Swedbank and SEB of Sweden, both of which are exposed to the economic crisis in the Baltic states, shed 15.9 and 11 percent respectively on Wednesday.
Nordea was down 5.2 percent and Handelsbanken 4.0 percent while the Norwegian lender DnB lost 8.1 percent on the day.
As of noon on Thursday, however, Swedbank shares were up 3.5 percent on the day, while SEB shares have gained nearly 2 percent in morning trading.
The Latvian treasury failed on Wednesday to sell its debt at a public auction, according to a statement to the stock exchange, increasing speculation of a possible devaluation of the lat.
Such a move would make repayments by Latvian lenders to Swedish banks more expensive, thereby increasing default risks.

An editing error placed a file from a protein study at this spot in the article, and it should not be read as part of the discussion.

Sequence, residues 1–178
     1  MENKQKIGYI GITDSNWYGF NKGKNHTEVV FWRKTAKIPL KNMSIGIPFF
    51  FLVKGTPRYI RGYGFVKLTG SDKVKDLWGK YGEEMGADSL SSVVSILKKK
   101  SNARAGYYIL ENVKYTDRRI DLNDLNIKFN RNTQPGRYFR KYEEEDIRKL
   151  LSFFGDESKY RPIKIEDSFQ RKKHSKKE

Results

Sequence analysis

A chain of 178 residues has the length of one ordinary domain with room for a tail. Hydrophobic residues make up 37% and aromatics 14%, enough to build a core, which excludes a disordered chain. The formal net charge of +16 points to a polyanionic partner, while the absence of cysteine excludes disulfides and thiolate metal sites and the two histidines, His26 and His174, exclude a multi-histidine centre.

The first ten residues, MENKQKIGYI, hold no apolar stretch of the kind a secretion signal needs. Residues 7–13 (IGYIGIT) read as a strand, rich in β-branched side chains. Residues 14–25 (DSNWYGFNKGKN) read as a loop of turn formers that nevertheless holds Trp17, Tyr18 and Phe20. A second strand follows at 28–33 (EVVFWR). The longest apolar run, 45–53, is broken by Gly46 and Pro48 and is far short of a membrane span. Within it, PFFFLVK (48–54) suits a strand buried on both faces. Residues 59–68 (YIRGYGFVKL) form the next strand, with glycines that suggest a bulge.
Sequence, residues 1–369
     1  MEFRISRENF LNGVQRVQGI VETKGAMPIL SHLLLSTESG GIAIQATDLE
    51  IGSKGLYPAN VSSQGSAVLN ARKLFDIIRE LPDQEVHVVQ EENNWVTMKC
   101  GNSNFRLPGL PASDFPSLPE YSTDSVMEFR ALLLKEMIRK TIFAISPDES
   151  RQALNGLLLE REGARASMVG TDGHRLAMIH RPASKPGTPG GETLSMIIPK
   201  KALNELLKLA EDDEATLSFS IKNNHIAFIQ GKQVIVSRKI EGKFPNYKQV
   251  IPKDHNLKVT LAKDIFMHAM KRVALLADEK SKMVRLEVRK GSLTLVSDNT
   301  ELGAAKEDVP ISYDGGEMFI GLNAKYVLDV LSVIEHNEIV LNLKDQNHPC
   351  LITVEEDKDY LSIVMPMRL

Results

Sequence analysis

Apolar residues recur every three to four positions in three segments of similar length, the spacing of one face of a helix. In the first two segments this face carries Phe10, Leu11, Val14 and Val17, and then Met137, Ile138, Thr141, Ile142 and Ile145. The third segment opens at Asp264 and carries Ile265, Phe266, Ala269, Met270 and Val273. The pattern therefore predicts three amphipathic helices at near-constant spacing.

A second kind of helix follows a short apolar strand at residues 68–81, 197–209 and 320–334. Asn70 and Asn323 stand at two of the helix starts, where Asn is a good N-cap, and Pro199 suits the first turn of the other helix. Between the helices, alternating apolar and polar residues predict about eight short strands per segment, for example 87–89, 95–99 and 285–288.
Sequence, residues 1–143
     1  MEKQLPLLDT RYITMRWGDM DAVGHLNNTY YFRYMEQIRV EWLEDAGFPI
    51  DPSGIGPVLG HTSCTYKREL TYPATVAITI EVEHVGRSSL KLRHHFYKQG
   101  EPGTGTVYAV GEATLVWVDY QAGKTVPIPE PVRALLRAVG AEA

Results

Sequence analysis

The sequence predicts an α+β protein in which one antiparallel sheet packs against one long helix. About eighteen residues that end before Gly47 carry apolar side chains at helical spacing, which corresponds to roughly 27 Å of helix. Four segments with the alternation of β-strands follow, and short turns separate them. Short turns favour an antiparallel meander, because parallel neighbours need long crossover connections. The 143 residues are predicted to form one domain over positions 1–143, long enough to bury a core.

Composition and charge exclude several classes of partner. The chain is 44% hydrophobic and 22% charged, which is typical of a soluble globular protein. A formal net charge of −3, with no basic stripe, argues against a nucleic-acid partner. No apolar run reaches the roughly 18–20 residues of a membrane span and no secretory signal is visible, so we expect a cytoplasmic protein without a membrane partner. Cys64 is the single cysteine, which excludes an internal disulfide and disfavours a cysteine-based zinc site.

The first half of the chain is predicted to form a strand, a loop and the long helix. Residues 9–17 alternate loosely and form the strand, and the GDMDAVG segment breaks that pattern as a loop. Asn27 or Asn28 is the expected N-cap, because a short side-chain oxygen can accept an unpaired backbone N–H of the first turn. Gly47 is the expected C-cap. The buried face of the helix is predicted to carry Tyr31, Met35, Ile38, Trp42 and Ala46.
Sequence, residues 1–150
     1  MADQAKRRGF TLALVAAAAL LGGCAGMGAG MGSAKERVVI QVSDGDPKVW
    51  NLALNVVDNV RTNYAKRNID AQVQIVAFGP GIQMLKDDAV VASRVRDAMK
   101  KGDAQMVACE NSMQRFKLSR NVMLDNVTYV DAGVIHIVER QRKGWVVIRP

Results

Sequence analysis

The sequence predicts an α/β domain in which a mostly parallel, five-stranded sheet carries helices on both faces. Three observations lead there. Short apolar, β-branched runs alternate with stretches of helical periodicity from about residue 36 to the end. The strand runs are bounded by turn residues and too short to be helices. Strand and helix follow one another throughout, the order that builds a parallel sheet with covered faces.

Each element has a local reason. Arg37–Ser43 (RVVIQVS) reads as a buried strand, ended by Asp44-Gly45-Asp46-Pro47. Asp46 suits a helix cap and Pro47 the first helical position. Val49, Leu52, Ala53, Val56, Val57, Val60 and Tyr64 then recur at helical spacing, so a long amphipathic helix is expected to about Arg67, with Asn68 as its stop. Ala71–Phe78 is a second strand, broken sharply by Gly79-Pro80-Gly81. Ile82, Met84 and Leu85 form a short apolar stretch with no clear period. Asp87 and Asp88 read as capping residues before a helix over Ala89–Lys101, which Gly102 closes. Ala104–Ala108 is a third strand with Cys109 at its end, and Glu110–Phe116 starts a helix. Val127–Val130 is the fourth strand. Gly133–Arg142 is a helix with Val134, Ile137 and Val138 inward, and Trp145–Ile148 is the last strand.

The auction failure “increases the likelihood that the Latvian government will be forced to devalue its currency, and that of course would hit the banks,” said Öhman bank analyst Francis Dallaire, cited by Dow Jones Newswires in Stockholm.
Despite such speculation Latvian Prime Minister Valdis Dombrovskis ruled out a devaluation for social reasons.
“The devaluation solution is even more painful than the solution to cut the budget,” Dombrovskis told Latvia’s Diena daily.
“Now we’re discussing how we can protect the pensioners and others because a devaluation would affect every layer of the society simultaneously.”
A Baltic nation of 2.3 million, Latvia warned on Monday that its economy was set to contract by 18 percent this year — the worst in the 27-member EU — and overspending will soar to 9.2 percent of output, despite deep spending cuts.